Braes Of The Carse: Den Of Pitroddie Update

Pitroddie Burn draining into sinkhole, Pitroddie Den
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Pitroddie Burn disappears …

A short update on a remarkable phenomenon encountered earlier this year. You may remember the picture above from a previous post. It’s the Pitroddie Burn disappearing down a sinkhole in the Den of Pitroddie. It emerges from the ground a couple of hundred metres downstream, apparently none the worse for the experience.

Pitroddie Burn emerges from underground, Pitroddie Den
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Pitroddie Burn reemerges

I first encountered it in spring spate. So after a couple of weeks without rain in late June and early July, I thought I’d go back and see what it looked like. I parked at the Glendruid cottages (NO 210251), where a rusty gate gives access to the bottom end of the Den. (Glendruid comes from Gaelic druid, “starling”. Sorry to disappoint anyone expecting Celtic priests.)

In the spring, the track up the glen was a little overgrown, but easily passable. I had met a couple of dog-walkers, and had it tagged as a possible way up to Evelick Hill at some time in the future. But the summer weather had turned it into a riot of every thorny or stinging plant native to Scotland. There were shoulder-high nettles with stings that could penetrate my walking trousers. I felt a certain hankering for a machete. So I was a little fretful by the time I got to the point at which the Pitroddie Burn disappears underground, and even more so by the time I’d slid down the overgrown banks to take a look at it.

The area previously filled with water was now an empty circular bowl with a flow channel around the edge and a hump in the middle. The trickle of the burn simply dropped unspectacularly out of sight in a little patch of mud. Here it is after I’d cleared away a clog of dead vegetation. You can judge the small scale from the leaves:

Pitroddie Burn disappears underground
Click to enlarge

I’d previously thought that there must have been some sort of rockfall hereabouts, but it was difficult to see where it might have come from. The rock cover also looked suspiciously uniform in scale, as if someone had pushed a huge dry-stone wall into the river. So I began to wonder if the river has actually been buried under the spoil-heap from the Pitroddie Quarry, which forms the whole north side of the Den just downstream from where the burn stages its disappearance, and just upstream from where it reappears.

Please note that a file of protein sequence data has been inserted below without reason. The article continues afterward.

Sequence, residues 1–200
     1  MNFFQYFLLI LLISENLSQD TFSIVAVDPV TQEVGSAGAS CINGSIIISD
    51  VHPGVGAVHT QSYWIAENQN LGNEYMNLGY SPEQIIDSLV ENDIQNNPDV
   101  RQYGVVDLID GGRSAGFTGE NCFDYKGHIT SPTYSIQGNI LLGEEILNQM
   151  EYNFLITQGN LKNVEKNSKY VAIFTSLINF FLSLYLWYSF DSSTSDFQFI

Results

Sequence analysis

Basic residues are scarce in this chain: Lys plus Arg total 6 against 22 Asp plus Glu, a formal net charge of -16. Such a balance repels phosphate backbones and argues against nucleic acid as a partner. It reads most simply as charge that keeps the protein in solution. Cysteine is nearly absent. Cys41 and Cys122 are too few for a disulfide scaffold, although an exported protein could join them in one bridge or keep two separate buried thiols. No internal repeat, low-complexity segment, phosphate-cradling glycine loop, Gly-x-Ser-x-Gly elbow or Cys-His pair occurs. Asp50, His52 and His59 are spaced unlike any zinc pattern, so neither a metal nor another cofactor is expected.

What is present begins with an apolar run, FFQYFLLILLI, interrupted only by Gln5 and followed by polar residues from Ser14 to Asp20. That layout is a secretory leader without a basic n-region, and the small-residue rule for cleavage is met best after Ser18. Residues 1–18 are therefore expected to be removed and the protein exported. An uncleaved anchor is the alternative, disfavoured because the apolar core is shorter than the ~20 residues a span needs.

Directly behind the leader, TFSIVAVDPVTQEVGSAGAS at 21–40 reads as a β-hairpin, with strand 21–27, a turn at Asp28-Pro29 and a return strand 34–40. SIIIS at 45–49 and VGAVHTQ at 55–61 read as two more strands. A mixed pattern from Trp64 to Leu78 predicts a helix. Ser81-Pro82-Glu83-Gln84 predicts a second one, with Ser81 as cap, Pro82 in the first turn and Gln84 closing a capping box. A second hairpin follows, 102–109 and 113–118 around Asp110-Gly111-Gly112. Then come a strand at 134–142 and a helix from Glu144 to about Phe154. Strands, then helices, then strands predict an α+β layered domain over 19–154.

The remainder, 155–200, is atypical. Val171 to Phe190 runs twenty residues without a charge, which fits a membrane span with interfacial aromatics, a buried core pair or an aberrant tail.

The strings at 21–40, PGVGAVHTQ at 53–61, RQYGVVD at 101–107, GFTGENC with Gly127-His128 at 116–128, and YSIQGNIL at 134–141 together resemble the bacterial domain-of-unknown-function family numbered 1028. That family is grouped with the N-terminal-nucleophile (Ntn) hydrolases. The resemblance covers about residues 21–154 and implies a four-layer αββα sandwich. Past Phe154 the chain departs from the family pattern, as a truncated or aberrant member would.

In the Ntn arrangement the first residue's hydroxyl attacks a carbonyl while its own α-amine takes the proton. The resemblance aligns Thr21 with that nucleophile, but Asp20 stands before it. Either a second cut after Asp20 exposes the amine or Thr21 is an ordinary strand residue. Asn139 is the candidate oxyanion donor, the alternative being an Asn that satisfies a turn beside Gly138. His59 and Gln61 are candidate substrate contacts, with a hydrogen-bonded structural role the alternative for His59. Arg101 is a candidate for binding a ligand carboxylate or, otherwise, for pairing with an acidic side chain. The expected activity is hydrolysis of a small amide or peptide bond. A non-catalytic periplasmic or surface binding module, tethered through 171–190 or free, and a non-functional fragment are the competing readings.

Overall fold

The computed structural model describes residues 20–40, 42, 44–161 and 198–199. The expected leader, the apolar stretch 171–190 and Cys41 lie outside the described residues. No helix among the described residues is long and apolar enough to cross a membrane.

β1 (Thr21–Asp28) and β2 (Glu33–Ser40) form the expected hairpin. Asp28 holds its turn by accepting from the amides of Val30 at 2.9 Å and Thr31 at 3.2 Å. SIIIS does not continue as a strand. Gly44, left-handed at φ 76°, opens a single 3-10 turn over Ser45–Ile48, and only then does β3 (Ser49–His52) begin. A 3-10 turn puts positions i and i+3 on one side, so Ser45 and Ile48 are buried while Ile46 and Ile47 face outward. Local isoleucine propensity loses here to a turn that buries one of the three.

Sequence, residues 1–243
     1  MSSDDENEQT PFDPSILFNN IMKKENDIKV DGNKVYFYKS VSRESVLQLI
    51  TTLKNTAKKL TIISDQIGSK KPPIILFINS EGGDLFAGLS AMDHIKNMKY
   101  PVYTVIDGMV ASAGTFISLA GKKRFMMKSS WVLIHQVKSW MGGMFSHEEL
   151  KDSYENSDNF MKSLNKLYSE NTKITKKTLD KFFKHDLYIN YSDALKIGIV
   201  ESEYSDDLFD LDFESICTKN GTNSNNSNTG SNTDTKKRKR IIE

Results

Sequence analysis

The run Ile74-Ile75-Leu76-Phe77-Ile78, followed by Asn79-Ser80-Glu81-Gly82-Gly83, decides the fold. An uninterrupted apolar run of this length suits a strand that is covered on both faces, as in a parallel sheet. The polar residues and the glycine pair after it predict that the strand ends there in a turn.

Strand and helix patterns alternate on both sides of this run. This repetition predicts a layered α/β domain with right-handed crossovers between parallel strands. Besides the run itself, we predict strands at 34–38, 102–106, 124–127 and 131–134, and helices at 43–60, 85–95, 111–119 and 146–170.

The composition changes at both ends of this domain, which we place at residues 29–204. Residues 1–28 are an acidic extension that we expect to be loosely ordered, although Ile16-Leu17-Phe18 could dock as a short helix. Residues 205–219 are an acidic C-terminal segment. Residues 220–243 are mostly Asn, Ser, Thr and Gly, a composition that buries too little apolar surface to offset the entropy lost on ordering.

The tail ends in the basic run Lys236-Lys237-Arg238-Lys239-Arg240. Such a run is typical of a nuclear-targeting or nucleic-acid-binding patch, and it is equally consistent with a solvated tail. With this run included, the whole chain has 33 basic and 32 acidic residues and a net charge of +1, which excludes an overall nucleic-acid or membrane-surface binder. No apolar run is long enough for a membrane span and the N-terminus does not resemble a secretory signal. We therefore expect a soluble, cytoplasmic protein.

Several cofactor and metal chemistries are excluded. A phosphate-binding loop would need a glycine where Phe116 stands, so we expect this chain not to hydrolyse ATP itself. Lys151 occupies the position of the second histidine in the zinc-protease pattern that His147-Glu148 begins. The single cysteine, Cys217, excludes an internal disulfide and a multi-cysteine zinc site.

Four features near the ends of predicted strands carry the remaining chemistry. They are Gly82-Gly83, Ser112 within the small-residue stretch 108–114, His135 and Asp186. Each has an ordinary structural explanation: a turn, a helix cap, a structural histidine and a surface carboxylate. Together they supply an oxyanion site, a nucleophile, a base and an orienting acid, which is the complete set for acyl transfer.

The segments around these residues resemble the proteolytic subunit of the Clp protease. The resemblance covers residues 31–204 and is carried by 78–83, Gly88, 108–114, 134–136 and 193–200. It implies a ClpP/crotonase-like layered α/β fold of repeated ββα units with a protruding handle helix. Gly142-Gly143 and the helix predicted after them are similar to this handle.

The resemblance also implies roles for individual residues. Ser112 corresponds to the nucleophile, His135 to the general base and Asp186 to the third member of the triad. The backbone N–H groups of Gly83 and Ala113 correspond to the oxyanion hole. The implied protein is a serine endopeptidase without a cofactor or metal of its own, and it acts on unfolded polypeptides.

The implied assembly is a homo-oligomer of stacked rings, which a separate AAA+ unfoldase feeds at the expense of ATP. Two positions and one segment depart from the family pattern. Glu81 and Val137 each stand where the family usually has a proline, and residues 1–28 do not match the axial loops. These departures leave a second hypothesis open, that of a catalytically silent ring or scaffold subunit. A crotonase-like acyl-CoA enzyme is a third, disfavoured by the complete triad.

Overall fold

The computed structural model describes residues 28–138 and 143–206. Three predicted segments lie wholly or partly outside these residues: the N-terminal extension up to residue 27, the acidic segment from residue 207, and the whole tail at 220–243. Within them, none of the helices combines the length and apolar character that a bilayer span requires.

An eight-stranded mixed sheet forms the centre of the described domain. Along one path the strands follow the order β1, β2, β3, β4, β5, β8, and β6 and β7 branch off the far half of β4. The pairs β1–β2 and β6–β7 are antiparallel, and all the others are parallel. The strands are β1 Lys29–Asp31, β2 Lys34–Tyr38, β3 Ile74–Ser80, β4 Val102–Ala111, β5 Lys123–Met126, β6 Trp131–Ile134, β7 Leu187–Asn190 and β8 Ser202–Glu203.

When I got home, I checked the National Library of Scotland’s marvellous geo-referenced maps service.

Here’s the Ordnance Survey’s 6-inch sheet of the area from the 1843-1882 series:

Pitroddie Quarry OS 6-inch 1843-1882
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The burn is clearly shown to flow continuously down the Den.

But here’s the same area, on the 6-inch sheet from 1899:

Pitroddie Quarry OS 6-inch 1899
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The quarry workings are hugely extended, and the burn is doing its disappearing/reappearing act just as it does today. So it looks like the underground watercourse was deliberately created by infilling, when a network of tracks was built to serve the quarry and smithy in their heyday. The tracks are now vanished, the buildings all but vanished, but the burn still flows underground.

This link should take you to a display of the area with the two maps superimposed. At the left there’s a menu, and a blue slider marked “Change transparency of overlay”. Slide it to the right to see the early view, and to the left to fade in the later view. Neat, eh?

So that was that. But on the way back I encountered a marvellous congregation of Green-Veined Whites, dancing in the sunlight like a little crowd of fairies.

Green-Veined Whites, Den of Pitroddie
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6 thoughts on “Braes Of The Carse: Den Of Pitroddie Update”

    1. I’m glad the slider link is working for those from outside the UK – I was uncertain how the National Library of Scotland accommodated visitors from abroad on its website. I’ll perhaps post more links of that sort in future.
      Their georeferenced map section is a very useful research tool. Often I combine an old map with a modern aerial photographic overlay, and fade back and forth between the two, to get a feel for the historical landscape.

    1. Ah, I see the Stirtons were much employed at the quarry in the late nineteenth century. Details here, which I presume you’re aware of. There’s a recurring typo on the page I’ve linked to–the Stirton men would have been whinstone settmakers, not whimstone. The Pitroddie quarry provided whinstone that was made into paving slabs (setts) and shipped to Dundee via the railway station at Errol. So I’ve probably walked on paving stones shaped by your ancestors!

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